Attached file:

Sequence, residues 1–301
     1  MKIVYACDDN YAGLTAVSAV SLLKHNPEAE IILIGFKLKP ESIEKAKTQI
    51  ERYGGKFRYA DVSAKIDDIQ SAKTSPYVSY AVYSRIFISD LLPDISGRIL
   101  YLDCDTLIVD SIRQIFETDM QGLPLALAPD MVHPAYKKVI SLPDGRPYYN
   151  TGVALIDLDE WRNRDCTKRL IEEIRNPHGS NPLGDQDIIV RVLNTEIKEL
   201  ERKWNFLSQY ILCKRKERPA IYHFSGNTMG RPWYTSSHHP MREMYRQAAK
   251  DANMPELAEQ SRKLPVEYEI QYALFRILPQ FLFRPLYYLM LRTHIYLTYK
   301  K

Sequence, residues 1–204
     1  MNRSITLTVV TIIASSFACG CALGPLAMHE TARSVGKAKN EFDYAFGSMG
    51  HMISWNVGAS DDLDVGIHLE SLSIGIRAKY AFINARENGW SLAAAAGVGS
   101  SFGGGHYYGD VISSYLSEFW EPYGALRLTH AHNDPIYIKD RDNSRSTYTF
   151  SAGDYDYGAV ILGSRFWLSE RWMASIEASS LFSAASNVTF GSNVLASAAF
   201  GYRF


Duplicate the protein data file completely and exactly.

Sequence, residues 1–301
     1  MKIVYACDDN YAGLTAVSAV SLLKHNPEAE IILIGFKLKP ESIEKAKTQI
    51  ERYGGKFRYA DVSAKIDDIQ SAKTSPYVSY AVYSRIFISD LLPDISGRIL
   101  YLDCDTLIVD SIRQIFETDM QGLPLALAPD MVHPAYKKVI SLPDGRPYYN
   151  TGVALIDLDE WRNRDCTKRL IEEIRNPHGS NPLGDQDIIV RVLNTEIKEL
   201  ERKWNFLSQY ILCKRKERPA IYHFSGNTMG RPWYTSSHHP MREMYRQAAK
   251  DANMPELAEQ SRKLPVEYEI QYALFRILPQ FLFRPLYYLM LRTHIYLTYK
   301  K

Sequence, residues 1–204
     1  MNRSITLTVV TIIASSFACG CALGPLAMHE TARSVGKAKN EFDYAFGSMG
    51  HMISWNVGAS DDLDVGIHLE SLSIGIRAKY AFINARENGW SLAAAAGVGS
   101  SFGGGHYYGD VISSYLSEFW EPYGALRLTH AHNDPIYIKD RDNSRSTYTF
   151  SAGDYDYGAV ILGSRFWLSE RWMASIEASS LFSAASNVTF GSNVLASAAF
   201  GYRF